For a long time it seemed like annual flowers and herbs were the only type of patio plants that could be grown on a balcony. This assumption—among many others—is what had me always longing for a piece of earth of my own. One that would allow me to grow whatever I wanted without restriction.
And while there are still some restrictions, it seems that people have found a way to over-winter over all kinds of plants on their patios. Like the saying goes, where there’s a will, there’s a way. If you have balcony plants you’d like to keep alive during the cold season, read on!
Keeping Patio Plants Safe During the Winter
If you’re keen to widen the scope of your gardening, I’ll teach you how to keep that favourite perennial or shrub safe over the cold winter months. I’m not going to lie, though. It does take a fair amount of work and dedication, but if you really want to do it you have an excellent chance of making it work.
First, let’s discuss how certain garden plants are able to survive the winter. In contrast, we’ll learn why container plants are so susceptible to the elements.
First and foremost, moisture—or the lack thereof—has a lot to do with the problems that balcony gardeners face. Especially those who’d like to overwinter some of their plants. It may sound counterintuitive, but frost can penetrate the soil where there are air pockets and damage the roots. If the soil has enough moisture, then water fills up those air pockets instead.
Once winter has set in and the ground freezes over, plants in the earth are able to send their roots down below the frost line. Container plants don’t have the ability to do this. As a result, their roots die back to a point where they’re unable to recover.
The Right Soil, and the Right Plants
Another thing that plants in the earth have going for them is the sheer bulk of soil surrounding the roots. This helps to regulate the temperature and protect the root systems. A container plant, on the other hand, is so much closer to the elements on all sides and requires much more assistance to keep it alive.
Choosing the right patio plants will aid in your chances of success as well. Keep your growing zone in mind when considering which plants to purchase. Your chances of success will increase exponentially if you can find a plant that can withstand a drop in hardiness of up to 2 zones.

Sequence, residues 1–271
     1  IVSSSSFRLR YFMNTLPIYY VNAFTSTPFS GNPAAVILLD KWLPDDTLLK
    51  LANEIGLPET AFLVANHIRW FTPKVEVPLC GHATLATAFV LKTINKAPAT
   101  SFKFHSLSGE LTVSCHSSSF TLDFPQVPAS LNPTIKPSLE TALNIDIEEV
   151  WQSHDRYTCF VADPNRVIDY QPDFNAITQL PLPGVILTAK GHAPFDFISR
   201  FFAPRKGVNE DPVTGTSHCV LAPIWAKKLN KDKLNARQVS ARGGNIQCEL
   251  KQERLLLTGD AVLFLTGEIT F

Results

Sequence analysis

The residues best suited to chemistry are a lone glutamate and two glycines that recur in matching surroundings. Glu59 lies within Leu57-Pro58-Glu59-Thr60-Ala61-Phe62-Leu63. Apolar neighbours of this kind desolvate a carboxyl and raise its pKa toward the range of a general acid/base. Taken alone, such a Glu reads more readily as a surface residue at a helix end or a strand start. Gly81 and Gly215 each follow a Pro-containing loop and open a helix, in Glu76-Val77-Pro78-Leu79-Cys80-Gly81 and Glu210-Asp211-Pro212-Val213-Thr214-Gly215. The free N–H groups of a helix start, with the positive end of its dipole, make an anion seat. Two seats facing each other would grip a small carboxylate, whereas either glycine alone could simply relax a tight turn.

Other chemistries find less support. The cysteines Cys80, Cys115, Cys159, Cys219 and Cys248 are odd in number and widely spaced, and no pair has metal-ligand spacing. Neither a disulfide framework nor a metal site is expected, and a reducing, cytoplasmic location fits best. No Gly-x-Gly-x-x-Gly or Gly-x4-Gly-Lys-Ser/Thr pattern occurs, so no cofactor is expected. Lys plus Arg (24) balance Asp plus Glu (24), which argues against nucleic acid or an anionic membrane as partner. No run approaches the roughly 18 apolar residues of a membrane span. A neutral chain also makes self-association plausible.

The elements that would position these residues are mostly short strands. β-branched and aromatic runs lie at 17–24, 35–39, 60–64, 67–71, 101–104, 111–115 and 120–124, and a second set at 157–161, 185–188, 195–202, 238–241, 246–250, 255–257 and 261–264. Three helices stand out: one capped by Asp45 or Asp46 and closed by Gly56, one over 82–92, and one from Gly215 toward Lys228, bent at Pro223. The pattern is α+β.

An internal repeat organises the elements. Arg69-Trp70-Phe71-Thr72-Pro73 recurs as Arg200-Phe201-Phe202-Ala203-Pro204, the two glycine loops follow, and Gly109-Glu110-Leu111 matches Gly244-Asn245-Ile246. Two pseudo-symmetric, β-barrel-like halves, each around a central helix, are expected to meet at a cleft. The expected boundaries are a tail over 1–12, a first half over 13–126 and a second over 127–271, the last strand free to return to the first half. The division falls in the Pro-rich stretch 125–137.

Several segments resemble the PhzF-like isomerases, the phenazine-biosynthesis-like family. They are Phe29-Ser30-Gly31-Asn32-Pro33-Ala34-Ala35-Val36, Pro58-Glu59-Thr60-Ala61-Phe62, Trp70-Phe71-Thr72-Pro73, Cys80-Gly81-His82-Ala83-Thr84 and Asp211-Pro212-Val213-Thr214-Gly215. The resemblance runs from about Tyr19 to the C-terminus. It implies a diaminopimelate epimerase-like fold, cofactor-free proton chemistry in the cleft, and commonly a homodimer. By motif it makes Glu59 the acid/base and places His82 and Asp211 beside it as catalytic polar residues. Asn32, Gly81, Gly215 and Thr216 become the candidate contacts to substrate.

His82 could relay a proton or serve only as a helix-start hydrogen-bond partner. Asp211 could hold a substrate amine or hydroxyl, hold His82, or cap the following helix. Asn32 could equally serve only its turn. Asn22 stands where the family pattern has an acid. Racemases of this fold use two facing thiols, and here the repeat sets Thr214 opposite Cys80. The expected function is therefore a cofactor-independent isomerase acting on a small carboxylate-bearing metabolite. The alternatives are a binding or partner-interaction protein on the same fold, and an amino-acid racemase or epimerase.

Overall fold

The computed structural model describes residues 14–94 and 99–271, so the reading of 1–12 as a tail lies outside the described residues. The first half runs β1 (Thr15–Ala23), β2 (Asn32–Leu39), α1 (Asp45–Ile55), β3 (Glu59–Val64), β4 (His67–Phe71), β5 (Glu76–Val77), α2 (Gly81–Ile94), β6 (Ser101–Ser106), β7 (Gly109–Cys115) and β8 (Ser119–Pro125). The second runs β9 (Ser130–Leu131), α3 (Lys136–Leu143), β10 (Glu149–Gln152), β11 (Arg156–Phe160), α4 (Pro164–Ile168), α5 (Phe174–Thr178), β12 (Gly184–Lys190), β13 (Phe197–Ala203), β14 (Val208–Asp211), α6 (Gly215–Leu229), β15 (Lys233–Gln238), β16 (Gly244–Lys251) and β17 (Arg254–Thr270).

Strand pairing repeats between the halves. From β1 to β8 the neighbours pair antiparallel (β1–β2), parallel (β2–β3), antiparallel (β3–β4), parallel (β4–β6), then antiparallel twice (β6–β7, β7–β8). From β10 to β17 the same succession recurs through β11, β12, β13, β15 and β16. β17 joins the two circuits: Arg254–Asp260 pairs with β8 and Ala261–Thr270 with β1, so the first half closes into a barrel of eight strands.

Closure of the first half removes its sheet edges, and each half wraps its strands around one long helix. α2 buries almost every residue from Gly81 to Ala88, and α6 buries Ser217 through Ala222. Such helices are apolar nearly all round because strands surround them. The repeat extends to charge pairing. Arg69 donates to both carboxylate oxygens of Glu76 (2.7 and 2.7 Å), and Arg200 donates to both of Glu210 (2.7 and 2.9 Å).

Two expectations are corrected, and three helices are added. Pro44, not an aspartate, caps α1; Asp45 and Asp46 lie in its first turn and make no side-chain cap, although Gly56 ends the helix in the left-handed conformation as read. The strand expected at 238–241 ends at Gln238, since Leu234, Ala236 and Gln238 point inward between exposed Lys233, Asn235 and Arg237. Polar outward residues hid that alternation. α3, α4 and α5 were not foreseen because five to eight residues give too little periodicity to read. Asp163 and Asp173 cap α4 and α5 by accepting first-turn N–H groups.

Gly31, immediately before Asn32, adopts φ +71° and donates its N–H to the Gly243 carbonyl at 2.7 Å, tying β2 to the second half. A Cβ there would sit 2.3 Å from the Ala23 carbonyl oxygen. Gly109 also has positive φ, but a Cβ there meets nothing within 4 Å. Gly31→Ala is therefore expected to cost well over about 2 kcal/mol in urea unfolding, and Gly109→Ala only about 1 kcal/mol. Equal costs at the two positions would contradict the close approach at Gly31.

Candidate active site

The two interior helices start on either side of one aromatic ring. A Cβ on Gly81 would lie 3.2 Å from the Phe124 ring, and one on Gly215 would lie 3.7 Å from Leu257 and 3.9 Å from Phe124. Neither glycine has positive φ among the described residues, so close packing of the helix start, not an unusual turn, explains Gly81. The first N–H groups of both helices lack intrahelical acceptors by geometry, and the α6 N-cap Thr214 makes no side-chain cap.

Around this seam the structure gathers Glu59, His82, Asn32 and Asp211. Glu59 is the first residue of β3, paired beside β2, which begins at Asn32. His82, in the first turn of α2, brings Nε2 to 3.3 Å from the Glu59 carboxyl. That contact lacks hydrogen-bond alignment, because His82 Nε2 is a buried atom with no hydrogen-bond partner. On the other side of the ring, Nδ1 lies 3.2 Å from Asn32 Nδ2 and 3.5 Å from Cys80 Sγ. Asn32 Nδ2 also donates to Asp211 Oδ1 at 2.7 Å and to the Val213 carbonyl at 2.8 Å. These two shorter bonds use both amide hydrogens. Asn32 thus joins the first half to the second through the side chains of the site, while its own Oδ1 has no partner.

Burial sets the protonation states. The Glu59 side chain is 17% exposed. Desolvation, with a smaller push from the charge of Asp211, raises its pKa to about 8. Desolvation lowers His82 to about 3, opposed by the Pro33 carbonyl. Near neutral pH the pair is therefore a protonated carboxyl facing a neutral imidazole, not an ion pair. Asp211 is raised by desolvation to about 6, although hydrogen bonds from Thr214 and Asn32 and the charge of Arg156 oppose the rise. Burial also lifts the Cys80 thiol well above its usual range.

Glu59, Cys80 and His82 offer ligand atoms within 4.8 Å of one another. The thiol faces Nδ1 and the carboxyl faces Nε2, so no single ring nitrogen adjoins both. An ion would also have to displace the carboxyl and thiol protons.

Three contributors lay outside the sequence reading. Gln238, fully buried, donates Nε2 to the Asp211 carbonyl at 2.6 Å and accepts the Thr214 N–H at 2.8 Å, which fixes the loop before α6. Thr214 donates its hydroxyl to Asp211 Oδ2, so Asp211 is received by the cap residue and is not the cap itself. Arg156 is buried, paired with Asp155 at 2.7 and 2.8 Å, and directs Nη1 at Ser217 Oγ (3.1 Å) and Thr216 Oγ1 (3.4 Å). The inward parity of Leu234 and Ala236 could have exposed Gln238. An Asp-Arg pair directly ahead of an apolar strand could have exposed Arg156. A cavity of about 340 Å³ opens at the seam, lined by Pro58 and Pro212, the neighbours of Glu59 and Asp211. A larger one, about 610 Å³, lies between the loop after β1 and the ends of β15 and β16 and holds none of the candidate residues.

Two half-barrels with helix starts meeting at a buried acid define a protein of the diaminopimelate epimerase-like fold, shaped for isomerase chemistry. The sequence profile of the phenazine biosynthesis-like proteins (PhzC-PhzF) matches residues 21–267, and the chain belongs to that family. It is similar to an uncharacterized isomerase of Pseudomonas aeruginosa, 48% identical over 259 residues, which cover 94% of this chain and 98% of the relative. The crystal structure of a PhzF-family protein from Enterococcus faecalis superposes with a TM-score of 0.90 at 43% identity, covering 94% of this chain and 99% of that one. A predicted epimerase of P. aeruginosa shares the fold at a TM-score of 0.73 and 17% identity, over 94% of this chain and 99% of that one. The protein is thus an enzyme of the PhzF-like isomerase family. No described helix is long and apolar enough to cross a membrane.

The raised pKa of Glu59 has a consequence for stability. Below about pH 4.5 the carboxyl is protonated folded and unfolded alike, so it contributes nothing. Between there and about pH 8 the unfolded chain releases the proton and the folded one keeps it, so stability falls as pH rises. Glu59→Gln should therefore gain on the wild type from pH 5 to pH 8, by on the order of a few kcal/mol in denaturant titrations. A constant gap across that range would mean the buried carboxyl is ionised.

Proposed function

For example, if you live in zone 6, try to find something that’s hardy to zone 4. If you have your heart set on a particular plant but it’s not particularly hardy, speak with someone at your local garden centre. They may know of a different variety that’s better suited to surviving the winter.
Pots and Planters
An equally important consideration when deciding to overwinter patio plants is selecting the right pot. Glazed ceramics and terracotta have a tendency to crack in the cold weather. Basically, the material absorbs moisture and is then affected by freezing and thawing temperatures.
Terracotta will also leach moisture, and you want to make certain to keep as much water in the soil as possible. Your best choice for a winter-safe pot is plastic. It’ll hold the moisture and not be affected by the elements. Darker colored plastic can also draw in heat from the sun. This can help to keep your plant’s roots warmer on the coldest days.
Ok, so you’ve done your research, you’ve selected a good pot, and chosen a hardy plant. You had a wonderful growing season and now winter is approaching. What can you do to make sure that gorgeous plant of yours makes it through the harsh winter?
Your plants don’t have the natural insulation that garden plants benefit from. Furthermore, they can’t extend their roots far enough to escape the permafrost. As a result, you’ll need to provide that insulation for them.
Insulate Patio Plants Well!
If your balcony is on the larger size, you can build a storage box for some of your patio plants. This would generally be done for something larger like a fig tree. Alternatively, you could put several smaller pots into the box as well.